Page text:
Children can sometimes become weapons in an acrimonious divorce. Parents may try to turn them against one another or use threats about custody and parenting time to push for the terms they want.
If your ex has told you that you’ll never see the kids again, or you came home after the day they served you with paperwork, only to realize your ex had already left with the children, defending your relationship with the kids is probably your biggest concern in your upcoming divorce.
How do the courts approach custody?
In Colorado, the focus is on the best interests of the kids and how to divide parental rights and responsibilities in a way that supports them. Usually, that means keeping both parents actively involved. The courts tend to frown on parents who intentionally try to damage the relationship between their children and their ex.
Shared parental responsibilities are typically the best solution
Divorce is hard on children. They often blame themselves. Even if they don’t, they have to completely change their living situation, daily routine and possibly their social circle if they can’t stay in the same school district after the divorce.
Ensuring that the children can rely on their parents during this crucial time is of the utmost importance for their social and mental health. One parent refusing to work with the other and using their own anger as an excuse to damage the relationship between their children and their ex might influence how the courts split up parenting time and other parental responsibilities.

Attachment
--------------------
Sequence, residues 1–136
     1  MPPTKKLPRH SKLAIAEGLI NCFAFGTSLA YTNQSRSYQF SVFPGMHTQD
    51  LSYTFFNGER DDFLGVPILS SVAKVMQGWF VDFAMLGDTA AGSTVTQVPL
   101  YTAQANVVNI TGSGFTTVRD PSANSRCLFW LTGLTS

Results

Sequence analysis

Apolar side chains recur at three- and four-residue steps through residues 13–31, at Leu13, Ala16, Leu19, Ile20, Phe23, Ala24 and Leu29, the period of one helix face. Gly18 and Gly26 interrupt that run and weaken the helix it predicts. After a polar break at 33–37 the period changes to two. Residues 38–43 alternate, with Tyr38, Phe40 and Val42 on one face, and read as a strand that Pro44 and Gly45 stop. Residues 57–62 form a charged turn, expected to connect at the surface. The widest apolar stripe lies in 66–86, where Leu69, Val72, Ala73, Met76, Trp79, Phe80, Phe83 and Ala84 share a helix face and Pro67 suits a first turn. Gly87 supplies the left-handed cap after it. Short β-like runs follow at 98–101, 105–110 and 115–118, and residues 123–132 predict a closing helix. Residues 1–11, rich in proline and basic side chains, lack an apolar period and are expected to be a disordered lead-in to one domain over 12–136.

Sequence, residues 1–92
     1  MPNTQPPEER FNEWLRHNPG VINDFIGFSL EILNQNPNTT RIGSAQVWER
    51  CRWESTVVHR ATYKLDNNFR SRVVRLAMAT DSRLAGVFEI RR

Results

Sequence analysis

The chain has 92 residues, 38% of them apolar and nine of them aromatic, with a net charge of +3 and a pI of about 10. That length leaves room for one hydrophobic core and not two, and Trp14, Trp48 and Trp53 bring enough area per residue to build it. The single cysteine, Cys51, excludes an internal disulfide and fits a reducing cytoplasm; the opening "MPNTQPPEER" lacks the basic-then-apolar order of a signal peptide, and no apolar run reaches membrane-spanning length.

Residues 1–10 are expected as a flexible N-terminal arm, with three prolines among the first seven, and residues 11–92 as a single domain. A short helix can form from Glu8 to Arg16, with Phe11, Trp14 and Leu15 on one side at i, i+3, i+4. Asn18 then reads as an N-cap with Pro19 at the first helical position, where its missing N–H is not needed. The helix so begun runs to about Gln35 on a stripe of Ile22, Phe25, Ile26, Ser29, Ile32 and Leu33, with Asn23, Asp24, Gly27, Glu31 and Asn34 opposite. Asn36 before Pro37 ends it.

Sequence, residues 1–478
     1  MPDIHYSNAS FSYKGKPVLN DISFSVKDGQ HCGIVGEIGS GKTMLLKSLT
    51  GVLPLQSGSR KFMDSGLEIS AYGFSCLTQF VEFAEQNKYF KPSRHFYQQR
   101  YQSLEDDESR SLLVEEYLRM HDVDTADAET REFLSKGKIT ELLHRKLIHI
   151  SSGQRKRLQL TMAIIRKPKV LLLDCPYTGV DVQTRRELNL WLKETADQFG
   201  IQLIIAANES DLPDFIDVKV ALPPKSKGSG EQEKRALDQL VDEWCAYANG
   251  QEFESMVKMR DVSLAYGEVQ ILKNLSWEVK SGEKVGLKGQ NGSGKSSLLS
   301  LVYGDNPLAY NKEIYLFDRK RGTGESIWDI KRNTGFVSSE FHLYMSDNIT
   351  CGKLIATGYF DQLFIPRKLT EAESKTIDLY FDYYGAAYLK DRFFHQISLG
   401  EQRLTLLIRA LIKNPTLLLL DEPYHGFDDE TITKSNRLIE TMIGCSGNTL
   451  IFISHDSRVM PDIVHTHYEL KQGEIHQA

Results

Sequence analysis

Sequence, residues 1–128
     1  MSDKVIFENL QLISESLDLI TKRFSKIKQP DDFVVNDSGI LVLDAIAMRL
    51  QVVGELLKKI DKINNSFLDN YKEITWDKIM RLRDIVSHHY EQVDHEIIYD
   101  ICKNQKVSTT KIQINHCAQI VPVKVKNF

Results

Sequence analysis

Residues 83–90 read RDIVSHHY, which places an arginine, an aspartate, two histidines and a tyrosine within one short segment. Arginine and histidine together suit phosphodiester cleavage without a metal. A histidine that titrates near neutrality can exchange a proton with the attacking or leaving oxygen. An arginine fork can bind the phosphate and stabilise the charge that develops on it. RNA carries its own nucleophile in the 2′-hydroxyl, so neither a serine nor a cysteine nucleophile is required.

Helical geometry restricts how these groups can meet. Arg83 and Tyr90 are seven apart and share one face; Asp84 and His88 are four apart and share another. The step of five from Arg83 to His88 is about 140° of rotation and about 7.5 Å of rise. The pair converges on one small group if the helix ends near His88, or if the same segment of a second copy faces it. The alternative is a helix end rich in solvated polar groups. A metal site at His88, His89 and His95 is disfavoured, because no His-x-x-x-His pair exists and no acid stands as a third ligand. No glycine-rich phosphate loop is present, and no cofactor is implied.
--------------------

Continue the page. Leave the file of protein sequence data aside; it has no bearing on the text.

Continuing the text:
Even temporary custody orders usually give both parents access
It can take a while for a judge to look over your family’s circumstances and determine the best way to allocate parental rights and responsibilities. The courts usually authorize a less thorough parenting plan when one parent initially files. Even temporary orders will usually protect the relationships of both parents.
However, in some cases, the spouse filing my allege substance abuse, neglect or abuse as a means of cutting their ex out of the family. Although you typically can’t prevent an emergency order from affecting your parenting time in the short term, you can fight back against inaccurate claims about your behavior or any other effort to alienate you from the children.
If the courts see a pattern of one parent trying to damage the relationship of the children with the other, that could affect the final ruling in your divorce. Even the short-term disruption in your relationship that you experience right now could eventually benefit you and the children, provided that you respond to it appropriately. Documenting everything and consistently trying to obtain parenting time while avoiding directly including the kids in the conflict can help you secure a more fair final order.